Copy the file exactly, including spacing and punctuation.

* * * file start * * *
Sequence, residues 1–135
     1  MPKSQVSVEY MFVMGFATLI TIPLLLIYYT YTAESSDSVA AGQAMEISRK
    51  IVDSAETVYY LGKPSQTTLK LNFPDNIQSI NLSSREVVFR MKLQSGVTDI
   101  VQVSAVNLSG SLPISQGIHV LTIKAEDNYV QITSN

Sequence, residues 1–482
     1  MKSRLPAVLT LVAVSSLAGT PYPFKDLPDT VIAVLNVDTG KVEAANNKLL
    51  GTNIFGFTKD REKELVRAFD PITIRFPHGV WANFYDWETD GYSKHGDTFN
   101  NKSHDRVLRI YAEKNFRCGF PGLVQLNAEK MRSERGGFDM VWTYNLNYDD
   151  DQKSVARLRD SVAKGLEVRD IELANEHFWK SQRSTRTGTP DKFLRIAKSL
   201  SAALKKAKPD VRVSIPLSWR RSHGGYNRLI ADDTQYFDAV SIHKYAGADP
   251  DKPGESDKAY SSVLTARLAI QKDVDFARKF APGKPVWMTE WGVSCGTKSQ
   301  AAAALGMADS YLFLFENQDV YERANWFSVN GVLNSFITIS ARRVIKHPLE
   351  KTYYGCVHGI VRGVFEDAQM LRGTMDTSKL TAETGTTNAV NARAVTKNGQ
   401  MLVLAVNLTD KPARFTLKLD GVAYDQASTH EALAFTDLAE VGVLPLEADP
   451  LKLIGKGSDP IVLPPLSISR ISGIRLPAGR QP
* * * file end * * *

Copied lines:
Sequence, residues 1–135
     1  MPKSQVSVEY MFVMGFATLI TIPLLLIYYT YTAESSDSVA AGQAMEISRK
    51  IVDSAETVYY LGKPSQTTLK LNFPDNIQSI NLSSREVVFR MKLQSGVTDI
   101  VQVSAVNLSG SLPISQGIHV LTIKAEDNYV QITSN

Sequence, residues 1–482
     1  MKSRLPAVLT LVAVSSLAGT PYPFKDLPDT VIAVLNVDTG KVEAANNKLL
    51  GTNIFGFTKD REKELVRAFD PITIRFPHGV WANFYDWETD GYSKHGDTFN
   101  NKSHDRVLRI YAEKNFRCGF PGLVQLNAEK MRSERGGFDM VWTYNLNYDD
   151  DQKSVARLRD SVAKGLEVRD IELANEHFWK SQRSTRTGTP DKFLRIAKSL
   201  SAALKKAKPD VRVSIPLSWR RSHGGYNRLI ADDTQYFDAV SIHKYAGADP
   251  DKPGESDKAY SSVLTARLAI QKDVDFARKF APGKPVWMTE WGVSCGTKSQ
   301  AAAALGMADS YLFLFENQDV YERANWFSVN GVLNSFITIS ARRVIKHPLE
   351  KTYYGCVHGI VRGVFEDAQM LRGTMDTSKL TAETGTTNAV NARAVTKNGQ
   401  MLVLAVNLTD KPARFTLKLD GVAYDQASTH EALAFTDLAE VGVLPLEADP
   451  LKLIGKGSDP IVLPPLSISR ISGIRLPAGR QP